Oedipus And Aristotle Essay

Oedipus And Aristotle Essay-13
Oedipus fits this precisely, for his basic flaw is his lack of knowledge about his own identity.

Oedipus fits this precisely, for his basic flaw is his lack of knowledge about his own identity.

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In effect, Oedipus is dead, for he receives none of the benefits of the living; at the same time, he is not dead by definition, and so his suffering cannot end.

Oedipus receives the worst of both worlds between life and death, and he elicits greater pity from the audience.

The Greek term "hamartia," typically translated as "tragic flaw," actually is closer in meaning to a "mistake" or an "error," "failing," rather than an innate flaw.

In Aristotle's understanding, all tragic heroes have a "hamartia," but this is not inherent in their characters, for then the audience would lose respect for them and be unable to pity them; likewise, if the hero's failing were entirely accidental and involuntary, the audience would not fear for the hero.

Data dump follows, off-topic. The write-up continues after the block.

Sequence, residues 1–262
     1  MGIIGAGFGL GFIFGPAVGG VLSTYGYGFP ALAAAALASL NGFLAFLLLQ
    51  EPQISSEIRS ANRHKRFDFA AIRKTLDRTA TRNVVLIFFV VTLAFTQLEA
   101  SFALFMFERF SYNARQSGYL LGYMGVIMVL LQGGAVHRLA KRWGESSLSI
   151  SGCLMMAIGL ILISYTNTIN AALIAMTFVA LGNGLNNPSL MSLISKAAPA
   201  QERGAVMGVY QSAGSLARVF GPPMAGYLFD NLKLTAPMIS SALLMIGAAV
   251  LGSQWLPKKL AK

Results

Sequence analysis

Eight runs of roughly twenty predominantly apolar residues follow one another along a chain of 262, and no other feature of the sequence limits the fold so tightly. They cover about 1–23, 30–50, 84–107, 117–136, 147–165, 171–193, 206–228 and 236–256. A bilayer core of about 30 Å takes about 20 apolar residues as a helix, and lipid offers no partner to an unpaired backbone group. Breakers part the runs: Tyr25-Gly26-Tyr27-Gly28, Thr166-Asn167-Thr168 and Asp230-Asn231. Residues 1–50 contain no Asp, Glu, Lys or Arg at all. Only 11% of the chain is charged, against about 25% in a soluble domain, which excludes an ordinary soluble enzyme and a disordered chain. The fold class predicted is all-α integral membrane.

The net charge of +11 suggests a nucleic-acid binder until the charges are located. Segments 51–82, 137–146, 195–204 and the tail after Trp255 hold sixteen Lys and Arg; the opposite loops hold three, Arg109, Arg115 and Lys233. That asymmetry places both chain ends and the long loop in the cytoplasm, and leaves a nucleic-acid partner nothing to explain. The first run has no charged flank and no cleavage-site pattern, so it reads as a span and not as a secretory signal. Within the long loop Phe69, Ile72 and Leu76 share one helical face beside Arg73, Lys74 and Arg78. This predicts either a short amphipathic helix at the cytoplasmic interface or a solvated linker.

The audience fears for Oedipus because nothing he does can change the tragedy's outcome.

Finally, Oedipus' downfall elicits a great sense of pity from the audience.

Aristotle's ideas revolve around three crucial effects: First, the audience develops an emotional attachment to the tragic hero; second, the audience fears what may befall the hero; and finally (after misfortune strikes) the audience pities the suffering hero.

Through these attachments the individual members of the audience go through a catharsis, a term which Aristotle borrowed from the medical writers of his day, which means a "refining" -- the viewer of a tragedy refines his or her sense of difficult ethical issues through a vicarious experious of such thorny problems.

Finally, Oedipus earns royal respect at Thebes when he solves the riddle of the Sphinx.

As a gift for freeing the city, Creon gives Oedipus dominion over the city.


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